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31 Mar 2020

From times of adversity

Written by Chris Wardle, Gardens and Designed Landscapes Manager – Aberdeen and Angus
A close-up of the head of a clematis feather, showing long feathery pale pink petals and a darker pink and yellow centre.
Clematis head
Adversity for gardeners is not a new concept – an old saying reminds us that ‘every flower must grow through dirt’.

In this uncertain time for all of us, there’ll be many people who’ll turn to the outdoor environment to find inspiration. The joy and beauty of being outside is something that those of us who work the land and inhabit it have long known. 

Whilst on lockdown, I’ve taken my exercise (as instructed) and the overwhelming sense that’s been enhanced has been sound. I’ve noticed that with the decreased numbers of planes and cars I’ve been able to hear the wind, birds and the general sounds of the outdoor environment, whether it’s the rustle of some leaves or the sounds of footsteps ... even my neighbours chatting over the fences, something that hasn’t really happened for generations. Even the sound of my own breathing has brought a feeling that, given a chance, the planet has a space to breathe.

In Scotland we’ve seen various periods of history where adversity has been our bedfellow, and I’m convinced that this is one of the reasons that the countryside and gardening are such a big part of the national psyche. An example of these troubled times and their immense significance can be seen in the Highland Clearances in Scotland from the mid-1700s until the early 1800s, where land was turned over to landowners for agricultural improvements and the tenants were forcibly evicted. In more modern times, during the world wars, the resulting pressures on our natural resources created an environment where upheaval and change were wholesale and the effects were long-lasting across generations.

A ruined crofthouse with no roof stands in the middle of an otherwise barren, rocky landscape. Jagged mountains can be seen in the background.
A post-Clearances Highland landscape

Many people are aware of Forestry and Land Scotland (formerly the Forestry Commission Scotland) and their work in managing tree production, our landscapes and forests. The Commission was created  in 1919, just after the First World War ended, by Lord Lovat who was acting on the Acland Report of 1916 to provide a strategic timber reserve for the whole country. During the First World War, Britain came very close to defeat – not, as many would imagine, due to a lack of people, food or resources, but due to the fact that we could not mine enough coal to smelt metals into weapons and machines to support the war effort. A lack of trees meant that we could not make pit props to keep the mines safe. Of course, at that time we had plenty of coal but we nearly deforested the country in order to mine safely.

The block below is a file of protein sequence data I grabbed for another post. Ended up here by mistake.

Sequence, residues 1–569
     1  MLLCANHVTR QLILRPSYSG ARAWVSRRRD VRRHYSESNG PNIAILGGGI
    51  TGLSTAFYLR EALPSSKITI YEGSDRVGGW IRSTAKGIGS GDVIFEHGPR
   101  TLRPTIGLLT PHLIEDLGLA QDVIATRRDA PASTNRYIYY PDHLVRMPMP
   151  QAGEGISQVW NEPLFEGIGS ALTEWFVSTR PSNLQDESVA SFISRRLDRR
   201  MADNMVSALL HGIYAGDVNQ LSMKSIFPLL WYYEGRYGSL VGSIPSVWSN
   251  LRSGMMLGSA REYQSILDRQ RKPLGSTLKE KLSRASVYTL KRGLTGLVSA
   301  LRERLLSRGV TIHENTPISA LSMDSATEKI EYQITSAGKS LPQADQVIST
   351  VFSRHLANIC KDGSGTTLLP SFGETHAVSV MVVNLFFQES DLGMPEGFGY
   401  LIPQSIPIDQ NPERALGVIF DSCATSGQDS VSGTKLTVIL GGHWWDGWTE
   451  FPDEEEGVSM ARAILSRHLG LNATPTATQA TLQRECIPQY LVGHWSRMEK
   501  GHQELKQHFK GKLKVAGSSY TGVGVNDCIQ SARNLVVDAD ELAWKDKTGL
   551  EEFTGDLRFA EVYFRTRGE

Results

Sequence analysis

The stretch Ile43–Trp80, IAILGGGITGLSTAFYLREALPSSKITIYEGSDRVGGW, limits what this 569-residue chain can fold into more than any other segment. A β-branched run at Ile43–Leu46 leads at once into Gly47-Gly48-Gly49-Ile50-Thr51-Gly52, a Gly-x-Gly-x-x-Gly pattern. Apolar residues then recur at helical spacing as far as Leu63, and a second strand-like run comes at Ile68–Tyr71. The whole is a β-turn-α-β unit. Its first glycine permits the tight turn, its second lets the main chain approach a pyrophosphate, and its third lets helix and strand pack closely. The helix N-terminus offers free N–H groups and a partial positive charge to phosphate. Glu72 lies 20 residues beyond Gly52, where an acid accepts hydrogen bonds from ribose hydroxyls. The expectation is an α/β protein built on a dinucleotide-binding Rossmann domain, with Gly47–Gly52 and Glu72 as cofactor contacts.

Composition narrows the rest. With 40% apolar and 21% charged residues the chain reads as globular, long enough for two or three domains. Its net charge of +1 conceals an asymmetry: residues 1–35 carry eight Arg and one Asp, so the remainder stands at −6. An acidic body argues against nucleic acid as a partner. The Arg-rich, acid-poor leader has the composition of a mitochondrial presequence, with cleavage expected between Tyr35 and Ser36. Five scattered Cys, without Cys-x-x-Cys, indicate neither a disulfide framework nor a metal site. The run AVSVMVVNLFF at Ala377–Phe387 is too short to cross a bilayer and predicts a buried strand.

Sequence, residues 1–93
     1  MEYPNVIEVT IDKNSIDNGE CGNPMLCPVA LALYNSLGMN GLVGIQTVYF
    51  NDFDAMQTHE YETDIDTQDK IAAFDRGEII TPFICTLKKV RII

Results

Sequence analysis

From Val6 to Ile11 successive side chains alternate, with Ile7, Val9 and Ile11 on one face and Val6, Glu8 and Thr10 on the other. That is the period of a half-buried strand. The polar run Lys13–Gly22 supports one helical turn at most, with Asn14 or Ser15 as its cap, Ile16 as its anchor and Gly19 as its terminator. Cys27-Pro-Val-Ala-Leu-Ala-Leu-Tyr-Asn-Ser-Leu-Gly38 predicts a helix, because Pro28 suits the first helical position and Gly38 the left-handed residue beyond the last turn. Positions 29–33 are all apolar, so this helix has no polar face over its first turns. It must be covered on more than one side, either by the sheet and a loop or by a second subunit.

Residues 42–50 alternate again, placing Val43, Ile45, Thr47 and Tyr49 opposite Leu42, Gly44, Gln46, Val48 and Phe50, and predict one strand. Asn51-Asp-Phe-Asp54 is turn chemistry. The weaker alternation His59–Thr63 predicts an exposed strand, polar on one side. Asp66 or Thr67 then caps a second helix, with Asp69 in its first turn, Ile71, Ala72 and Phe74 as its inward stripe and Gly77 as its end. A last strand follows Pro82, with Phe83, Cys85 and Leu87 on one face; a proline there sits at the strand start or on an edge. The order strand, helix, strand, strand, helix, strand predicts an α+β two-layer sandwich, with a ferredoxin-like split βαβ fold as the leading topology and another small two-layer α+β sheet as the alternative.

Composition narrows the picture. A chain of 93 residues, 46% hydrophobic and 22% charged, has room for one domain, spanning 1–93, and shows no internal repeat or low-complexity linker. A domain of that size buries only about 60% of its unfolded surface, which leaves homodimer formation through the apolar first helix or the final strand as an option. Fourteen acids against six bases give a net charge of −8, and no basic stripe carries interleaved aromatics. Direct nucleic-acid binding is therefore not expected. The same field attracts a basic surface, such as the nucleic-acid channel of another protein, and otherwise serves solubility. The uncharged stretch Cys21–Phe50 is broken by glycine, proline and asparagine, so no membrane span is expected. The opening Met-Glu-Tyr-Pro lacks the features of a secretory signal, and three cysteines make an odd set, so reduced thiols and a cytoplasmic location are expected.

A black and white photograph of a man dressed in a kilt and tweed jacket, holding a walking cane. He has a large moustache. He stands at the bottom of some grand stone steps, resting one foot upon the bottom step.
Simon Joseph Fraser, 14th Lord Lovat (1871–1933)

In this time of a changing climate, pressures on resources and the need to lock up carbon, trees have become a hot topic again. We can all play our part in helping to plant trees and care for our forests and wild places – they’re as important now to everyone as they were after the First World War.

As for myself, I’ve been a gardener for a long time now and anyone who has met me will know that I’m excessively passionate about the art, craft and methods of the activity. We have so much to offer everyone. Many of the Trust gardens have gone through stages in their history where they’ve waxed and waned due to changing fashions or external forces. We can look at times in history when the gardens have been used for other purposes. The image below shows the great garden at Crathes Castle around 1918, where you can clearly see flowers and vegetables being grown together. We’re lucky that we have a lot of archive images and film for Crathes. In a later film from the Second World War we can clearly see evidence of the ‘Dig for Victory’ campaign – flowers grow in parts with cabbages and onions/leeks interspersed. Our spaces are adaptable and profuse. 

A black and white postcard of a castle seen from its large garden. Rows of vegetables grow in the foreground. The title Crathes Castle appears beneath the image.
The garden at Crathes Castle, given over to growing vegetables.

These examples  demonstrate the adaptability of gardens/gardeners and our own environment – when we need to, we’ll change to accept the new conditions imposed. Our relentless optimism always wins out. As one gardener said to me recently, ‘there’s always next year!’ The beauty of nature is that it will always win and reclaim what was always there; we’ve just been trying to tame it for hundreds of years. I seem to have the quote from Jurassic Park ringing in my ears: ‘nature always finds a way’.

This can all be summed up nicely (and with less risk from tyrannosaurs) by the great garden aficionado, designer and owner Vita Sackville-West: ‘The most noteworthy thing about gardeners is that they are always optimistic, always enterprising, and never satisfied. They always look forward to doing something better than they have ever done before.’

Go outside (when you’re allowed), smell, listen and breathe deeply ... enjoy the peace.

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